By Steve Smith
New proton therapy centers would fill a major healthcare gap in Florida while creating new revenue streams for several of the region’s healthcare players.
Proton therapy is a highly effective but costly way to treat cancer. As reported recently by Business Observer Tampa Bay Editor Brian Hartz, Tampa Bay is the only major metropolitan area in Florida without a proton therapy center. That’s about to change in a big way, thanks to no less than three different ventures with plans to build proton centers in the region.
Proton therapy is particularly useful as an alternative cancer treatment when a cancerous tumor is close to a vital structure like the heart, brain stem or spinal cord. It allows beams of high-energy protons to target the tumor while ignoring healthy tissue. Cancer patients requiring proton therapy are already being treated by oncologists in community and institutional settings in Tampa Bay and Southwest Florida, but those patients have to travel outside the region for the treatments. This represents a deficiency in Florida’s healthcare system, complicating cancer care for patients who otherwise can receive care in a community setting, seeing an oncologist close to home.
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The groups planning Proton Therapy Centers to be located in Tampa and Southwest Florida represent a Who’s Who of healthcare delivery:
The first group is a consortium of four cancer treatment entities – Florida Cancer Specialists and Research Institute (FCS), Florida Urology Partners, Proton Therapy Partners and Tampa General Hospital – with a proton center in the planning stages. Their center will break ground sometime in the first quarter of 2022, most likely on Tampa General’s medical campus, with a construction timeline of 18 to 24 months. There is little doubt this group has the collective horsepower to make it happen. According to FCS President and CEO Nathan Walcker, the center will operate under the auspices of the Cancer Institute at Tampa General Hospital, with management services provided by Proton Therapy Partners.
According to its website, Proton Therapy Partners provides capital and arranges financing, oversees design, build and construction, and manages operations of joint ventures with prominent health systems.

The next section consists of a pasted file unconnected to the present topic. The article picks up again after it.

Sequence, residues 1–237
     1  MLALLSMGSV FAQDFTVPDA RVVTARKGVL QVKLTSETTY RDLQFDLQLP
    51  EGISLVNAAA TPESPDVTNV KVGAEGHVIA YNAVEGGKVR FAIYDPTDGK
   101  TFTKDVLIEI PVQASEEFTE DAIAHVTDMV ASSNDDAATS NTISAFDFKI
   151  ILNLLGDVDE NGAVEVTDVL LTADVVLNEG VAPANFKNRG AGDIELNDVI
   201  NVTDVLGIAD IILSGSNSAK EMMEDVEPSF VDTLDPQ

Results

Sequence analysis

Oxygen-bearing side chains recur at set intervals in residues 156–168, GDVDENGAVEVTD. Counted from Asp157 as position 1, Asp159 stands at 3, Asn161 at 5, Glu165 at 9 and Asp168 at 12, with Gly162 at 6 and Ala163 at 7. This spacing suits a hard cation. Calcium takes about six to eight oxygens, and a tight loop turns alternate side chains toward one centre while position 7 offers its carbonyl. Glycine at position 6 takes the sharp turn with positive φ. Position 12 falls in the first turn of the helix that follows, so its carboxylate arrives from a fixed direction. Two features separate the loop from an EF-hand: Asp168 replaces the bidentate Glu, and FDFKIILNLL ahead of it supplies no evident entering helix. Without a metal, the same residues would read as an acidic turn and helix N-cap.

Second, Fort Myers-based Advocate Radiation Oncology, headed up by Dr. Arie Dosoretz, is developing its own proton therapy facility, which they plan to open as soon as 2023.
Third, but certainly not last in name recognition, is Moffitt. Thanks to a $15 million gift from the Richard M. Schulze Family Foundation, Moffitt Cancer Center in Tampa will begin work on its proton therapy center this year, and it will be part of their Richard M. Schulze Family Outpatient Center. The “Schulze” here is Best Buy founder Dick Schulze.
A growing need
Shooting for an opening date sometime in 2023, Dr. Arie Dosoretz, who co-founded Advocate Radiation Oncology in 2019, says that his proton therapy machine is being built as we speak, in Belgium. He says he’s confident that his will be the first such center to open on Florida’s west coast. Speaking with the Business Observer, he said specifics would be announced very soon.
The cost to build a proton therapy center can exceed $55 million. To finance the venture he’s taking a different approach, raising money from a mix of private and institutional investors. Anticipating high demand because of the high rate of cancer diagnoses in the region, Dosoretz says his facility will have two 5,000-square-foot “bunkers” to house proton therapy machines, which can weigh between 50 and 200 tons.
Cancer patients in the Tampa Bay region requiring proton therapy, including pediatric cancer patients at St. Petersburg’s Johns Hopkins All Children’s Hospital, have to travel to specialized facilities across the state, or out of state, multiple times over the course of their treatment. Since a course of proton therapy may require 30 to 40 doses, sometimes daily, proximity to a treatment center can literally be a lifesaver.
According to the National Association for Proton Therapy, there are 39 proton therapy treatment centers in the United States. Six of them are in Florida – in Orlando, Jacksonville and the Miami area.
According to Dr. Richard Tuli, chief of radiation oncology in the USF Health Morsani College of Medicine at USF and Tampa General Hospital, the treatment’s local unavailability could be attributed to the high cost of building the centers, but also to the absence of a cohesive team approach to proton therapy, and that operating the proton therapy machines requires specialized training.
A strong business case
According to the Florida Department of Health, Florida has the second highest cancer burden in the nation and, since 2014, cancer has been Florida’s second leading cause of death, after heart disease. An average of 115,000 new cancers are diagnosed and reported each year to the statewide cancer registry, the Florida Cancer Data System.
The complete lack of a proton therapy center on all of Florida’s west coast, the stubbornly high incidence of cancer in the region and a booming population make the business case for these high-tech treatment centers such a strong one.
Walcker of FCS, and Dosoretz of Advocate Radiation Oncology agree on another aspect of the arrival of proton therapy centers in the region – the ancillary benefits, such as a boost in local job growth and research activities.
Read more: Business Observer article by Brian Hartz
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